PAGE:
BARD, District Judge.
In each of the above cases the defendants have filed motions to quash the information on the ground that every count therein is duplicitous, or, in the alternative, to compel the United States to elect on which of the several offenses allegedly charged in each count it wishes to proceed at the trial.
The information contains 97 counts alleging violations by the defendants of various sections of the Fair Labor Standards Act of 1938, 29 U.S.C.A. § 201 et seq. The first count contains sixteen paragraphs. Each succeeding count contains only two paragraphs, the first of which incorporates by reference the first fifteen paragraphs of Count No. 1. The sixteenth paragraph of the first count and the second paragraph of each succeeding count set forth a specific instance charged to be a violation of the act.
Defendants argue that certain of these fifteen paragraphs charge crimes under the act and therefore render each count duplicitous. The result of this, it is contended, will be to render it most difficult for defendants to prepare for trial because they will not know as to each count which of the charges they must prepare to defend. The Government argues that none of the fifteen paragraphs in question was intended to, or does in fact, charge a crime, but that they merely indicate a continuous course of conduct which facilitated and made possible the commission of the crime charged in the additional paragraph in each count. It further contends that even if more than one crime were charged in each count, there would be no duplicity in view of authority that where a statute denounces several acts as a crime in the disjunctive, they may be included in a single count if connected in the conjunctive. See Troutman v. United States, 10 Cir., 100 F.2d 628; Smith v. United States, 5 Cir., 288 F. 44. As pointed out in Crain v. United States, 162 U.S. 625, 636, 16 S. Ct. 952, 40 L. Ed. 1097, this is to the advantage of the accused, for a verdict of guilty would preclude further prosecution in respect of any of the matters included in the single count. The government resists the elimination of the paragraphs in question for the reason that this might preclude it from showing at trial that the means recited therein were adopted to facilitate the commission of the crime.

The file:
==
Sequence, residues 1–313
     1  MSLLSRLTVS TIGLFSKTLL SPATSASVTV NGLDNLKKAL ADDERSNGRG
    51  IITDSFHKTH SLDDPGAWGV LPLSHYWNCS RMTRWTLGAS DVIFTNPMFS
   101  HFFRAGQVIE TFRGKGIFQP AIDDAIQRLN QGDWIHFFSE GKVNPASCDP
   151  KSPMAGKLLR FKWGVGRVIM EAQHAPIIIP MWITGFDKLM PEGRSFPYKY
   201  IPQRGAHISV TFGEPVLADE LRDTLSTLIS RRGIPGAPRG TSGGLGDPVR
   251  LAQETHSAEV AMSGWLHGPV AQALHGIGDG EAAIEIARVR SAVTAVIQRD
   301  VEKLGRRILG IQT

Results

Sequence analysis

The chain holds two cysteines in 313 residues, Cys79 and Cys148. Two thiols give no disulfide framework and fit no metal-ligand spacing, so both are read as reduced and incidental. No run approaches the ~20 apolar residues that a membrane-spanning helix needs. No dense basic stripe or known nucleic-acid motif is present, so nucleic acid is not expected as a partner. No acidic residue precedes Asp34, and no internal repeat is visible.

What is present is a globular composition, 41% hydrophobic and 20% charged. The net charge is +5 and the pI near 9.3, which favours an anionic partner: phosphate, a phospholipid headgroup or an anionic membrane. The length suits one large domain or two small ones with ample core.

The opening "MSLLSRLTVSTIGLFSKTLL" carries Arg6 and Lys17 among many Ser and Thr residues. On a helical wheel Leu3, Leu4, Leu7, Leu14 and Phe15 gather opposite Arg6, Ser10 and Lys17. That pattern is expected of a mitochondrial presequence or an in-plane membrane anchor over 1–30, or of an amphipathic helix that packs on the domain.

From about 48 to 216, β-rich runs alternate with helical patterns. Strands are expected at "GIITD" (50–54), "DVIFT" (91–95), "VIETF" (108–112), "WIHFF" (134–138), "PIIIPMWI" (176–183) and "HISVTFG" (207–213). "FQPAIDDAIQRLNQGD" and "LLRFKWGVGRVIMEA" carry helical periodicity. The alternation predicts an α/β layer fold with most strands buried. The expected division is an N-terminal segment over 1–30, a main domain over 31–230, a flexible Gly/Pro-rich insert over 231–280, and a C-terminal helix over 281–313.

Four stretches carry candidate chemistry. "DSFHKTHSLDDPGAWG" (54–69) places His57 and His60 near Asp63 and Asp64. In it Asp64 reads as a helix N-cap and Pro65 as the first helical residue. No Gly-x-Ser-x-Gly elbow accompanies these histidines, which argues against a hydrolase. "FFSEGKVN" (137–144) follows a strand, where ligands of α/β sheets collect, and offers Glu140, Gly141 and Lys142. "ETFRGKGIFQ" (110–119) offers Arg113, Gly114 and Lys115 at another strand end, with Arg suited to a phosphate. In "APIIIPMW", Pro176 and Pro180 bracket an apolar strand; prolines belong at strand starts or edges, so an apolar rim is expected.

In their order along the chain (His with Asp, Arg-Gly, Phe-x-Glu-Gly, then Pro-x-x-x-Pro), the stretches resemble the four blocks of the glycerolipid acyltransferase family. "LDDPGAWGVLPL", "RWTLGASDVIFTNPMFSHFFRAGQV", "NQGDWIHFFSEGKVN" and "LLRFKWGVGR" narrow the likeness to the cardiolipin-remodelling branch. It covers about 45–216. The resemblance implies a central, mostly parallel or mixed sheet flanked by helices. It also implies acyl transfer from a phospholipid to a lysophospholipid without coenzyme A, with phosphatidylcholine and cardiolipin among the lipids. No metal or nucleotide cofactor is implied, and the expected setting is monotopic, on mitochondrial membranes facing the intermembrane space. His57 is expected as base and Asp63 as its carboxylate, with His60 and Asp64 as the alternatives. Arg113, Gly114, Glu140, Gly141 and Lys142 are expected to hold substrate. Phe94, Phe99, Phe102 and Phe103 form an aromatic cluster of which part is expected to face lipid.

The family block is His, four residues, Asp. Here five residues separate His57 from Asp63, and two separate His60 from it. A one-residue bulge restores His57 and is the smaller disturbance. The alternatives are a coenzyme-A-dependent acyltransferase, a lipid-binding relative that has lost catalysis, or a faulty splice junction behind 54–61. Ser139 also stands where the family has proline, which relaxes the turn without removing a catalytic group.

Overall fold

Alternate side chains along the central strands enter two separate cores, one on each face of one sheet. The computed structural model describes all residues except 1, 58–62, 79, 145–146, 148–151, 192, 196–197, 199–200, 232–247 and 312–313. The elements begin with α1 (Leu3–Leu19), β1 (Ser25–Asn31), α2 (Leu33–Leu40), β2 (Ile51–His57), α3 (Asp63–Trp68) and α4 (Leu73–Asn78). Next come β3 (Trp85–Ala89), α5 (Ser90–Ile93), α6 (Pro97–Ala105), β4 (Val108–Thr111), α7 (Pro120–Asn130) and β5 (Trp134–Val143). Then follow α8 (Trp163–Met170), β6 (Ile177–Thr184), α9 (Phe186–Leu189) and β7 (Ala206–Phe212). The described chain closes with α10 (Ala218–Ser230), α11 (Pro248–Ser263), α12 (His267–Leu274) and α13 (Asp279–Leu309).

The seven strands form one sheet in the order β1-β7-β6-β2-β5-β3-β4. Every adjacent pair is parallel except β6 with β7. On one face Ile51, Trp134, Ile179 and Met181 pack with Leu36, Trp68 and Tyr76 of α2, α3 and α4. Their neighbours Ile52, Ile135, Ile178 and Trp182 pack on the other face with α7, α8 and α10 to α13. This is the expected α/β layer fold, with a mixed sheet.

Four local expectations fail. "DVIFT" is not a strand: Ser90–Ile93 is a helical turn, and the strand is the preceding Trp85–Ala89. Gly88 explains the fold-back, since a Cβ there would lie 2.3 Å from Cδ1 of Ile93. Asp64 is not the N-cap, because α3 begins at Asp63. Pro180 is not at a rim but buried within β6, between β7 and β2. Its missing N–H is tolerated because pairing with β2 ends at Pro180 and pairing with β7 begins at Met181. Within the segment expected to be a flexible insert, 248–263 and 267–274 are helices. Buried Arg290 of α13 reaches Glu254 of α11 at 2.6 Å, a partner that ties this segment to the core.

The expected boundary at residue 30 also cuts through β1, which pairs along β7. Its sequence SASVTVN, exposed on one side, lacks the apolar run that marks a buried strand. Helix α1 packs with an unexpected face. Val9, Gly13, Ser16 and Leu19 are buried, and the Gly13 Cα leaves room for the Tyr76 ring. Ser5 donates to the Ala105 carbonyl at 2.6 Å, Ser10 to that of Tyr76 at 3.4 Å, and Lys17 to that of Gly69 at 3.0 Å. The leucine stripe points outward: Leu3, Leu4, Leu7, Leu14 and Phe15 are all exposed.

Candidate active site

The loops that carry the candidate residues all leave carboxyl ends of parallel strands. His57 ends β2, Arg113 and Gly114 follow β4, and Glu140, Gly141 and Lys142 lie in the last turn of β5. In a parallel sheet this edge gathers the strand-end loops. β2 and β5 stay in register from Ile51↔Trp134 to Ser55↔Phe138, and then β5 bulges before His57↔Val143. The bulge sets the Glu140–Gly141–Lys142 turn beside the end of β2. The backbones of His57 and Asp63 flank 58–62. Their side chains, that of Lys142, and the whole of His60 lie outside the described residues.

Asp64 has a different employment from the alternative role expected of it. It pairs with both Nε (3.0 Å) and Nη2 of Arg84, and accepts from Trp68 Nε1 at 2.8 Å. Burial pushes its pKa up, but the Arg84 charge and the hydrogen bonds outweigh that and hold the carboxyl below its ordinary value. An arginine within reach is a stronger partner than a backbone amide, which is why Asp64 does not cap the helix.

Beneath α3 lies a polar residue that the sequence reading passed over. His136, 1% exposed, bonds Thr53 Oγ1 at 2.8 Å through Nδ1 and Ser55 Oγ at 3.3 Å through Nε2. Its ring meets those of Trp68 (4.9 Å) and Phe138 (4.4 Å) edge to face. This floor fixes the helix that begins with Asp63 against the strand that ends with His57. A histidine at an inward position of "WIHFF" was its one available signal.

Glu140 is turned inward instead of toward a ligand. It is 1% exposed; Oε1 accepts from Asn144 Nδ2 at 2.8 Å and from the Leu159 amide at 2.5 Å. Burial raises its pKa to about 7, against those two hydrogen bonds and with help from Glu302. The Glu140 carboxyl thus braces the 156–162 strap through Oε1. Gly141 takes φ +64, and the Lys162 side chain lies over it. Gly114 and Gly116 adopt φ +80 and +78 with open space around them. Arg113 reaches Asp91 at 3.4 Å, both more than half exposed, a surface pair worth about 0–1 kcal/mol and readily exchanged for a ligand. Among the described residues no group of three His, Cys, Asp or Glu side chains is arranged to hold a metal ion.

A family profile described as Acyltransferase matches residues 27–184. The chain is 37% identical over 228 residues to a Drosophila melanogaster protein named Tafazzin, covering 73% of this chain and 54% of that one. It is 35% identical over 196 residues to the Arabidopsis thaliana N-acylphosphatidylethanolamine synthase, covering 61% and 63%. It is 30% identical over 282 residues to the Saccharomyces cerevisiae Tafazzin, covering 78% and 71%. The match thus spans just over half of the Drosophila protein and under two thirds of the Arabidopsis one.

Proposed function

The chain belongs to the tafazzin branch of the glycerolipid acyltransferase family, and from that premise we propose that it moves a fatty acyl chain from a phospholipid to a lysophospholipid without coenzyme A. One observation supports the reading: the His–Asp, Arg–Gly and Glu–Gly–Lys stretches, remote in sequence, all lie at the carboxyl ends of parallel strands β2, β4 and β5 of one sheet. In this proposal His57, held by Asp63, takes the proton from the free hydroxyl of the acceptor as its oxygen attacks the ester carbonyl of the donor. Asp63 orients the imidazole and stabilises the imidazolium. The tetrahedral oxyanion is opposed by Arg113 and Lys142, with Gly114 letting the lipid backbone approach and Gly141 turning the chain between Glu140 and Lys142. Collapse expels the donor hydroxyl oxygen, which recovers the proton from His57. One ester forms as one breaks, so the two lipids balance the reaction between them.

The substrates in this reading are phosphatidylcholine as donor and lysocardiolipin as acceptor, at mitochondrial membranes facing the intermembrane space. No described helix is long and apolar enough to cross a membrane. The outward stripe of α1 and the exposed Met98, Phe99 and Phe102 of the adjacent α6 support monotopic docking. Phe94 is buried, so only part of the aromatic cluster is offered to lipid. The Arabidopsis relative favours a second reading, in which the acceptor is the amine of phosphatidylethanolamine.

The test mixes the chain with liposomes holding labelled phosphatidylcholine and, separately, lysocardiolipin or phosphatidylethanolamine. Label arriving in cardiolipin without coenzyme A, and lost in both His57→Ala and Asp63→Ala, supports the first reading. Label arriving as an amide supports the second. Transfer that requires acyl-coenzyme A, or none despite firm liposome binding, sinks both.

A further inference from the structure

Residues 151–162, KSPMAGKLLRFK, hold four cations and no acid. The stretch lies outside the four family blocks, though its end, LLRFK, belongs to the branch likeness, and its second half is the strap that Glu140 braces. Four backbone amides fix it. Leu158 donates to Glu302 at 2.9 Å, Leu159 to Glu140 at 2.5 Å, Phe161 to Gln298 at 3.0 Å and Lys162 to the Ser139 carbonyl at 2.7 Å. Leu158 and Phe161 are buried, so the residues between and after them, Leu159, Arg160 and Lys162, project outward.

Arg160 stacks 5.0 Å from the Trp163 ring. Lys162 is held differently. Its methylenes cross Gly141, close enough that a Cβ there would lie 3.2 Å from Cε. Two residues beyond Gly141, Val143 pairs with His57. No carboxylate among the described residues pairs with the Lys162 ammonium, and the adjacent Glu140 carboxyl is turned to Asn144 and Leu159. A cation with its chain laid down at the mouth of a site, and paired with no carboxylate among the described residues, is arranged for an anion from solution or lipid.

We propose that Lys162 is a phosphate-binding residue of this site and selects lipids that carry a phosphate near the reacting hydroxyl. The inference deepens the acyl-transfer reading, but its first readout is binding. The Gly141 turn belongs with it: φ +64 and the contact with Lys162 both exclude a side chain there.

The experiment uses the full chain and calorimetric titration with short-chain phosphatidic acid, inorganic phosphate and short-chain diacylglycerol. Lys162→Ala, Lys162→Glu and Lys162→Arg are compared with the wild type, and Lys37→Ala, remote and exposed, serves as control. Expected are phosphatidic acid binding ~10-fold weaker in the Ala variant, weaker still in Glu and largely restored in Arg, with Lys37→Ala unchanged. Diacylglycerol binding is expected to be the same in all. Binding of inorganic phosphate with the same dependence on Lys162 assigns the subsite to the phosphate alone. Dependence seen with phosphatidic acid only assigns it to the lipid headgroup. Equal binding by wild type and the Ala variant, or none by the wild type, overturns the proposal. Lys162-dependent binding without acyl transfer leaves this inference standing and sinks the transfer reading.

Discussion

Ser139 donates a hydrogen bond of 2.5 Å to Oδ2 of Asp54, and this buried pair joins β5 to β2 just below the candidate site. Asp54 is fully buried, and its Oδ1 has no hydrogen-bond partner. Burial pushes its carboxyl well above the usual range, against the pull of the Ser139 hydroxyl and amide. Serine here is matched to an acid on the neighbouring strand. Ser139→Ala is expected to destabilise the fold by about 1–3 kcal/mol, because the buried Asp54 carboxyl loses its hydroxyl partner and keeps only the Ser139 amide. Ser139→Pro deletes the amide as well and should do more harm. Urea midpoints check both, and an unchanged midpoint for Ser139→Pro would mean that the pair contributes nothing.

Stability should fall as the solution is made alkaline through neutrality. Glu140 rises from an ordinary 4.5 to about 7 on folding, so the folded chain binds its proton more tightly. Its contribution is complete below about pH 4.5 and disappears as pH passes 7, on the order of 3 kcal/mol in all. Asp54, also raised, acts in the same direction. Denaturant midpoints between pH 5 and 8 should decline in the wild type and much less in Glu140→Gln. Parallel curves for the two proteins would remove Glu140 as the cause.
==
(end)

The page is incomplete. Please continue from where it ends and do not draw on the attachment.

I am of opinion that the difficulties and dangers asserted by the defendants with respect to the information as it stands -- as well as those of the government if the paragraphs in question had not been included or were to be deleted -- are more theoretical than actual. After a careful consideration of the authorities, however, I have concluded that the counts which are challenged are not bad for duplicity and that the defendants' motions should be denied.
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